When Can You Sue for Spinal Cord Injuries in Maryland?

A spinal cord injury can have devastating consequences for a victim. The spinal cord controls several of the body’s functions, and a serious injury could mean paralysis and significant medical bills. You should not have to endure those burdens because of the negligence of another person. If you or your family member has suffered a serious spinal cord injury, you should consult with an experienced Baltimore spinal cord injury lawyer. The devoted attorneys at Bennett & Heyman, P.A. are prepared to help you with your spinal cord injury case. Bennett & Heyman, P.A. is here to explain when you can sue for a spinal cord injury in Maryland.

Types of Spinal Cord Injuries

Spinal cord injuries are typically divided into two categories: incomplete spinal cord injuries and complete spinal cord injuries. Incomplete spinal cord injuries occur when the spinal cord is partially severed. This means that the injured person may have function in some part of their body below the portion of the spinal cord that was injured. A complete spinal cord injury means that the injured person does not have function (sensation/movement) below the area of the spinal cord that was injured. Both incomplete and complete spinal cord injuries can happen at any level of the spinal cord.

Incomplete Spinal Cord Injuries

According to the National Spinal Cord Injury Statistical Center (NSCISC), treatment options are improving for incomplete spinal cord injuries. However, incomplete spinal cord injuries can still make life extremely difficult for an injured person.

Anterior cord syndrome is an injury to the front part of the spinal cord that controls motor and sensory functions. Individuals who sustain this injury can retain some sensation but will have trouble with movement and experiencing deep sensation.

Central cord syndrome is an injury to the center of a person’s spinal cord. This injury is typically caused by trauma and affects a bundle of nerves that send information from the cerebral cortex to the spinal cord. This means that a person who suffers this type of injury may experience a loss of motor skills, paralysis in one or both arms, and partial paralysis in the legs.

Brown-Sequard syndrome is another type of incomplete injury that affects only one side of a person’s spinal cord. A person who sustains this injury may experience sensation on only one side of their body.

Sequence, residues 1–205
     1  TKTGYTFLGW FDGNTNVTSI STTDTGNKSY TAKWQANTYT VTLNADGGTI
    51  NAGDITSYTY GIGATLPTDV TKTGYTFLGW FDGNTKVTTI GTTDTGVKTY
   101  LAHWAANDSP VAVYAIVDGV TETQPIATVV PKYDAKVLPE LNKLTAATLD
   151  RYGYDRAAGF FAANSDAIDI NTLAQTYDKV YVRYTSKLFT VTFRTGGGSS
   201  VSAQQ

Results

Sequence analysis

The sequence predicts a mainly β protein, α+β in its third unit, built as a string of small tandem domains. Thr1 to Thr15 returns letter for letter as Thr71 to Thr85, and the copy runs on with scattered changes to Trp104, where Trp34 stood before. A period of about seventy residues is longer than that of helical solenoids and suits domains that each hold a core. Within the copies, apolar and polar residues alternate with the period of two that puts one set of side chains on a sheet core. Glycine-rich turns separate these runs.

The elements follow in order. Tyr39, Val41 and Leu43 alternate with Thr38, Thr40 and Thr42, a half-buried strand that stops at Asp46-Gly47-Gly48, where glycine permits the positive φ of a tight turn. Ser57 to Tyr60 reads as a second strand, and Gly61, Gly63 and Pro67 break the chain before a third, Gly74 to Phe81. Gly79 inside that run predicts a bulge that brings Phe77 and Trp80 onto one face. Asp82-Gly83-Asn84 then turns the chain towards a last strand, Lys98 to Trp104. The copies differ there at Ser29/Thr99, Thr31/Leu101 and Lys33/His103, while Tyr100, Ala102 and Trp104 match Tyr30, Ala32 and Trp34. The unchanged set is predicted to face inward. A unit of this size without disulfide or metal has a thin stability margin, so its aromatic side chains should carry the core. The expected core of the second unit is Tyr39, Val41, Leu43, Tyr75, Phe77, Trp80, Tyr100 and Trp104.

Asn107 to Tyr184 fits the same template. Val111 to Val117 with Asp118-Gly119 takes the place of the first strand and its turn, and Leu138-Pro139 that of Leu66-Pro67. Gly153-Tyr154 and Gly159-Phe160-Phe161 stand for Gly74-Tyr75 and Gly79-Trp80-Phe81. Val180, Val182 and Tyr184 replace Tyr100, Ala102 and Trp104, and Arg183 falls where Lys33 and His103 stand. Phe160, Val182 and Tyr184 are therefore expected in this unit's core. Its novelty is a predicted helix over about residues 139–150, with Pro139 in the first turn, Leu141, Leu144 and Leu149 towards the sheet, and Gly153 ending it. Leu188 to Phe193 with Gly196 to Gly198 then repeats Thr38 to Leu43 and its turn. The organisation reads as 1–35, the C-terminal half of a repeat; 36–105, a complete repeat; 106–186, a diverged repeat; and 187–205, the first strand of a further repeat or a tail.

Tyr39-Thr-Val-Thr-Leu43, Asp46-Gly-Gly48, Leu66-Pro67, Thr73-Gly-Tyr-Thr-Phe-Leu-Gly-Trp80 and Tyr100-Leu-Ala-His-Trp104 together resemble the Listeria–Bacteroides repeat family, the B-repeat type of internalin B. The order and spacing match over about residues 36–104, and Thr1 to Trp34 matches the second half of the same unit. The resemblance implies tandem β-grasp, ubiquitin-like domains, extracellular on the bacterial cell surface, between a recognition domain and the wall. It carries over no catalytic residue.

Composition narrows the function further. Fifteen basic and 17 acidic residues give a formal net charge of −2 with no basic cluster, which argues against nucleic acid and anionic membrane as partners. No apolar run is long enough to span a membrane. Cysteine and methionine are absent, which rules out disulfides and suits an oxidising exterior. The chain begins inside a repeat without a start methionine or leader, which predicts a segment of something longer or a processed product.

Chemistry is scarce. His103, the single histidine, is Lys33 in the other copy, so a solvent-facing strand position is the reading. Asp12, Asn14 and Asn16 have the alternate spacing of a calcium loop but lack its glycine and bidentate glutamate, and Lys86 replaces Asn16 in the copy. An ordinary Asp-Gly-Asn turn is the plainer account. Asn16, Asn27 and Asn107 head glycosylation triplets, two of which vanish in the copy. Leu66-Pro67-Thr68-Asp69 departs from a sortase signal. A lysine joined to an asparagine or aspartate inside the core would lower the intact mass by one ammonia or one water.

Complete Spinal Cord Injuries

A person with a complete spinal cord injury will likely experience more serious conditions than a person with an incomplete injury.

One example of a complete spinal cord injury is tetraplegia, also referred to as quadriplegia. Tetraplegia is an injury that causes varying levels of paralysis to all of a person’s limbs. This injury also causes paralysis below the site of the injury and may cause difficulties with bowel functions and other bodily functions.

Paraplegia is another type of complete injury. Paraplegia is when an individual sustains a spinal injury that eliminates sensation and movement in the lower half of their body. Triplegia is a similar injury, causing paralysis in one arm and both legs. Triplegia often occurs because an incomplete spinal injury was exacerbated. Injuries that are made worse by a physician or hospital could result in a medical malpractice lawsuit.

When to File Your Spinal Cord Injury Claim in Baltimore

If your spinal cord injury was caused by another person, you could potentially file a personal injury claim against that person. Personal injury claims are usually based on negligence. A negligence claim implies that the person who injured you did not exercise reasonable care when they caused your injury. For example, if a person was driving 30 miles over the speed limit and collides with your vehicle, the cause of the car accident will likely be considered negligence.

If you plan to file a personal injury claim for your spinal cord injury, you should know that Maryland has a deadline to file personal injury cases. In Maryland, if you do not file your personal injury case within three years, the court may bar your claim. The reason for this deadline is statute of limitation laws. These laws set the amount of time for a lawsuit to avoid people filing lawsuits after a significant amount of years have passed. Therefore, you should file your personal injury case as soon as possible.

Baltimore SCI Lawyers Can File Your Personal Injury Lawsuit

If you or a family member has sustained a spinal cord injury in Maryland, you should speak with an experienced Baltimore personal injury attorney. Bennett & Heyman, P.A. knows how a spinal cord injury can completely change your life, and we are here for you. Our dedicated attorneys can provide you with aggressive legal representation to fight your injury case. To schedule your free consultation, call us at (410) 845-2385 or reach us online.

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